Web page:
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Old 07-26-2012, 07:31 PM   #1
JeffoC6
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I'm having tannin issues and so far, I've put together a few steps to try and eliminate them moving forward. However, I'm having a hard time understanding mash pH and how to control it.

I went to the brew wiki page and became quite confused. I apologize ahead of time but I'm not the best reading comprehend'er, so I kinda need someone to talk me through it.

I do 1 gallon BIAB batches. I calculate my total volume of water, mash in, mash out, and then boil for the allotted time. I usually have a tad bit more wort than I need, but usually hit my numbers and never have to "top off."

I've never taken my mash pH before, but I'm thinking I should start due to my tannin/astringency issues. I've made some notes of some other things to do for my next brew to try and rid myself of the tannin issue, but I keep reading how mash pH is incredibly important with regards to tannins.

Can anyone out there help me out please? Most appreciated.
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Old 07-26-2012, 07:56 PM   #2
jmf143
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Start by reading the Primer and any post you see from ajdelange or mabrungard in the Brew Science section.
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Old 07-26-2012, 07:57 PM   #3
hector
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It would be much better if you give us more details about the water you are brewing with .

Hector

 
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Old 07-26-2012, 07:59 PM   #4
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1. What water are you using (tap, bottled, RO, softened?)
2. What types of beer are you brewing (all base? lots of crystal?)

This should be a good start!

 
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Old 07-26-2012, 08:01 PM   #5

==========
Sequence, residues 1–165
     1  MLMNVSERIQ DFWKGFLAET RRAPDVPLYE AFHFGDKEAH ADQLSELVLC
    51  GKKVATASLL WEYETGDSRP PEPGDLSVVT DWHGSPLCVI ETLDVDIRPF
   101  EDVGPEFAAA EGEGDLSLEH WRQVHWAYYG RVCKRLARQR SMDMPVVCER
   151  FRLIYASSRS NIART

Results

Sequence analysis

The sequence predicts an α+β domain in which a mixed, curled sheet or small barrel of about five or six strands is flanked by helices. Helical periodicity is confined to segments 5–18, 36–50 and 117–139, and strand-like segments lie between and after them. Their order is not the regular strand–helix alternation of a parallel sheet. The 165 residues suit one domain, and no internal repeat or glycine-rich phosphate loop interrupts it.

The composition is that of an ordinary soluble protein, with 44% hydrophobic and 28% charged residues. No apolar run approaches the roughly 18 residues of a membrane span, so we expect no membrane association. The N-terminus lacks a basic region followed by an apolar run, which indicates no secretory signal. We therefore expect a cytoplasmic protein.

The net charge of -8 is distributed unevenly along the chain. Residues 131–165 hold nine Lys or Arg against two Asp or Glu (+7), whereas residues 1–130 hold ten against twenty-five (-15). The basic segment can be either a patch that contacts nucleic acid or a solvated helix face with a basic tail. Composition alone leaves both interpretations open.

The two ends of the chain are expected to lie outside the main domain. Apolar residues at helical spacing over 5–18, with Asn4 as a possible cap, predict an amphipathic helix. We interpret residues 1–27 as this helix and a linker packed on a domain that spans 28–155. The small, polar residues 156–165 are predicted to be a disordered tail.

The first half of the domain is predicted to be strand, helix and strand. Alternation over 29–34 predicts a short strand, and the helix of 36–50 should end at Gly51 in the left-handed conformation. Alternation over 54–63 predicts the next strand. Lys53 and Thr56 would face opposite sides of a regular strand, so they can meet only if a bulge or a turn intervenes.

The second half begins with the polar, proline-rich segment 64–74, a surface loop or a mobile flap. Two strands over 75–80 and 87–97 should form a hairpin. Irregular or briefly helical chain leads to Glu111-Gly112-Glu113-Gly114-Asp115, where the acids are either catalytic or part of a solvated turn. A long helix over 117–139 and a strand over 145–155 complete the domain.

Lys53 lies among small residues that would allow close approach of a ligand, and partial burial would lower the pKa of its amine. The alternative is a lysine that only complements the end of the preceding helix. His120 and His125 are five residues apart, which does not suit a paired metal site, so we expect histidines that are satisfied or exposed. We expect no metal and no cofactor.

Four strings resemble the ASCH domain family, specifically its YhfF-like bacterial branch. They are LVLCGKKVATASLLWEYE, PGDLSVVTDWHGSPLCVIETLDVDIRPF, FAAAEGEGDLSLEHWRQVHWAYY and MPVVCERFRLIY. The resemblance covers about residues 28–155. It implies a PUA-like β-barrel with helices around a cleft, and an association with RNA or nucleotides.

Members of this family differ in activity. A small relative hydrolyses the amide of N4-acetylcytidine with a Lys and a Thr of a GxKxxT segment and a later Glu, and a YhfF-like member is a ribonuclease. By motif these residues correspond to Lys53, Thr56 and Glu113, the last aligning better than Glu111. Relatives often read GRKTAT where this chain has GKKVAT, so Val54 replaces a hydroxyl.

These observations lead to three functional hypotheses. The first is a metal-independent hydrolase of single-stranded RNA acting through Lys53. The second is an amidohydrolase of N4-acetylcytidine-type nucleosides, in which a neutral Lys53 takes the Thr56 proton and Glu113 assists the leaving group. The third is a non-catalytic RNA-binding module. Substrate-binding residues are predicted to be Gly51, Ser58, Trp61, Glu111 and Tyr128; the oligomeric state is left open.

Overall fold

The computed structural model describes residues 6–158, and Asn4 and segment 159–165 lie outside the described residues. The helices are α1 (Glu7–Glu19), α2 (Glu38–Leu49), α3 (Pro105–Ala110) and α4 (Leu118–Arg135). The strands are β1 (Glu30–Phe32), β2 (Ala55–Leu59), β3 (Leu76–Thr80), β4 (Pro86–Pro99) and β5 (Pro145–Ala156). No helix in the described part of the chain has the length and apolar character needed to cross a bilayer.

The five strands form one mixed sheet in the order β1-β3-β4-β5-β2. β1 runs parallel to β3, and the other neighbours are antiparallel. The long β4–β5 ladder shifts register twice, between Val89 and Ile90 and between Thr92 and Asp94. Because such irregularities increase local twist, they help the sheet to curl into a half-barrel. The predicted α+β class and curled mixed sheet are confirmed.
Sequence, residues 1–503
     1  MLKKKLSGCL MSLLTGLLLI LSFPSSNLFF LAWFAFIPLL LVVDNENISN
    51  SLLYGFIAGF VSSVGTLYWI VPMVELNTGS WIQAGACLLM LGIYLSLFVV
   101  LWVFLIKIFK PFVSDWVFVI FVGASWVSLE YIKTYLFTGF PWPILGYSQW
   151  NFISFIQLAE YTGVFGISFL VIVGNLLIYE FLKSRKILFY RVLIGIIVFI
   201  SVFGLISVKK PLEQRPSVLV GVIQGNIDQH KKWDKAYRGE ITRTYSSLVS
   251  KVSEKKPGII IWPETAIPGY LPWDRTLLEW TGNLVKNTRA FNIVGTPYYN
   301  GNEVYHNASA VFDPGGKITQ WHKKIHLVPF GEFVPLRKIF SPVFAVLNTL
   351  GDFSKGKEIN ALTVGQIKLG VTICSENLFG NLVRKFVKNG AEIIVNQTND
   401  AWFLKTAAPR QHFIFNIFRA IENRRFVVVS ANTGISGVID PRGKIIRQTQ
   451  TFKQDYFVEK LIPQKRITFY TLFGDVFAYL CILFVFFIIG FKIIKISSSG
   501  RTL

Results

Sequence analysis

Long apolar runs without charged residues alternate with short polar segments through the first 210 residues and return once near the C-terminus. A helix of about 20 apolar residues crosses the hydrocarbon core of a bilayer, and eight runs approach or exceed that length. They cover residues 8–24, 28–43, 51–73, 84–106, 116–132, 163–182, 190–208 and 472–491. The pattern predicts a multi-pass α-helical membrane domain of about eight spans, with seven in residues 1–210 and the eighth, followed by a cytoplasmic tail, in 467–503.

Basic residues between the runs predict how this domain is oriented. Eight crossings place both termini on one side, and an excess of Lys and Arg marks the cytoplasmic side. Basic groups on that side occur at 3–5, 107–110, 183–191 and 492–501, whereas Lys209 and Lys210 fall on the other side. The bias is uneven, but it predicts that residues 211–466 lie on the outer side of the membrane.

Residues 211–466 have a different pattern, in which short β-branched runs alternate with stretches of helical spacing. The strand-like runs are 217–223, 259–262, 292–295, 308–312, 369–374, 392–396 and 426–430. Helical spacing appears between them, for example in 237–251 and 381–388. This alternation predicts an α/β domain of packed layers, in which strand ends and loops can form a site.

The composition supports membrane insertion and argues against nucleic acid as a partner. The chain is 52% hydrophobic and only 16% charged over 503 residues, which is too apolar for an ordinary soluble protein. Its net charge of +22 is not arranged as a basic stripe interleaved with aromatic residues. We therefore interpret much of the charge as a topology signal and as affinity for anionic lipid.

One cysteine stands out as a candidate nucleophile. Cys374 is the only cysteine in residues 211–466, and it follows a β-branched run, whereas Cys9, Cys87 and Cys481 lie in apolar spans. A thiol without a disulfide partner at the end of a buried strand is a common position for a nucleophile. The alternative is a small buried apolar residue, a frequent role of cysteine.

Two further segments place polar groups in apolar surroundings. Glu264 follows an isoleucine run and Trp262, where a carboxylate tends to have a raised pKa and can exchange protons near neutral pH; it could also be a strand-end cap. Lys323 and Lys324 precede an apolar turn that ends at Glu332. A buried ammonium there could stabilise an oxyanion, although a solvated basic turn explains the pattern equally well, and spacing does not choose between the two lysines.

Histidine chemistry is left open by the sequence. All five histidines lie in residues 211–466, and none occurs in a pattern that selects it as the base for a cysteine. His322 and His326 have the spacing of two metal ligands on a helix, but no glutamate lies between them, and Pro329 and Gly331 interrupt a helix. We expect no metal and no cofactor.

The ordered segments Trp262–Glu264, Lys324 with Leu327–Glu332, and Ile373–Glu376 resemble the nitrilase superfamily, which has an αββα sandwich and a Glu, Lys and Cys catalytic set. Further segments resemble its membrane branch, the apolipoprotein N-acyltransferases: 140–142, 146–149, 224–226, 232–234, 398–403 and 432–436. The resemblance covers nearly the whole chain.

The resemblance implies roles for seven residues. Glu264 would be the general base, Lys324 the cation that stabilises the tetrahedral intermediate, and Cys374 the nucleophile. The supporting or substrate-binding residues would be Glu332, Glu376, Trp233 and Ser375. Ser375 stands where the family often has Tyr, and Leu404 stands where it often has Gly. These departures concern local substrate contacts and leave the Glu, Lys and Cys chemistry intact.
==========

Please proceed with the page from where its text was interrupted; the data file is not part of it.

JeffoC6
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For every batch that I brew, I use bottled Poland Spring water
I'm brewing all types. IPA's, Wheat Beers, Stouts, etc (see my list below)

Every beer I've brewed has had a metallic, astringent, off taste to it. I'm trying to hone in on why this is happening, and am wondering if my mash pH is all messed up.
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Old 07-26-2012, 08:07 PM   #6
hector
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Quote:
Originally Posted by JeffoC6 View Post
For every batch that I brew, I use bottled Poland Spring water
Write down the water profile , please .

Do you add any salt to the water prior to brewing ?

Hector

 
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Old 07-26-2012, 08:09 PM   #7
JeffoC6
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Quote:
Originally Posted by hector View Post
Write down the water profile , please .

Do you add any salt to the water prior to brewing ?

Hector
How do I go about obtaining the water profile of Poland Spring water?
Why would I add salt?
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Old 07-26-2012, 08:13 PM   #8
JeffoC6
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I found this online?

SUBSTANCE MRL* MCL** LEVEL FOUND
Inorganic Minerals and Metals
Calcium 0.10 NR 4.2-11
Sodium 0.20 NR 1.8-6.6
Potassium 0.10 NR ND-0.78
Fluoride 0.100 2.0 (1.4 – 2.4) ND-0.10
Magnesium 0.10 NR 0.88-1.5
Bicarbonate 1.0 NR 15-250
Nitrate 0.010 10.00 0.11-0.58
Chloride 1.10 250 ND-9.2
Copper 0.050 1.0 ND
pH (units) t NA 6.5 – 8.5 6.7-7.0
Sulfate t 0.10 250.00 1.6-6.3
Arsenic 0.0014 0.010 ND
Lead 0.005 0.005 ND
Total Dissolved Solids t 1.00 500 40-65
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Old 07-26-2012, 08:19 PM   #9
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The bicarbonate from the 2011 report might be an error, not sure it was ever 250 mg/L. Everything else is very low. I found a 2010 report that shows about the same with very low bicarbonate alkalinity as well.

I would just treat this like RO water -- it's essentially a blank slate. Great for brewing, but you'll need to add a few things back in.

Once you assume it's just like RO water, the water chemistry primer in the sticky section of this forum will make a lot more sense.

Adding a little calcium chloride and sometimes calcium sulfate will make a lot of really good beers with that water.

 
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Old 07-26-2012, 08:20 PM   #10
hector
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Quote:
Originally Posted by JeffoC6 View Post
How do I go about obtaining the water profile of Poland Spring water?
I also use bottled spring water . The profile is printed on the label , attached to the bottle .

The most important factor you should take care of is the Alkalinity of the water .

I wanted to see if you added any salt to adjust the pH . For example , sodium bicarbonate can lead to a metallic aftertaste ( due to my experience ) .

Hector

 
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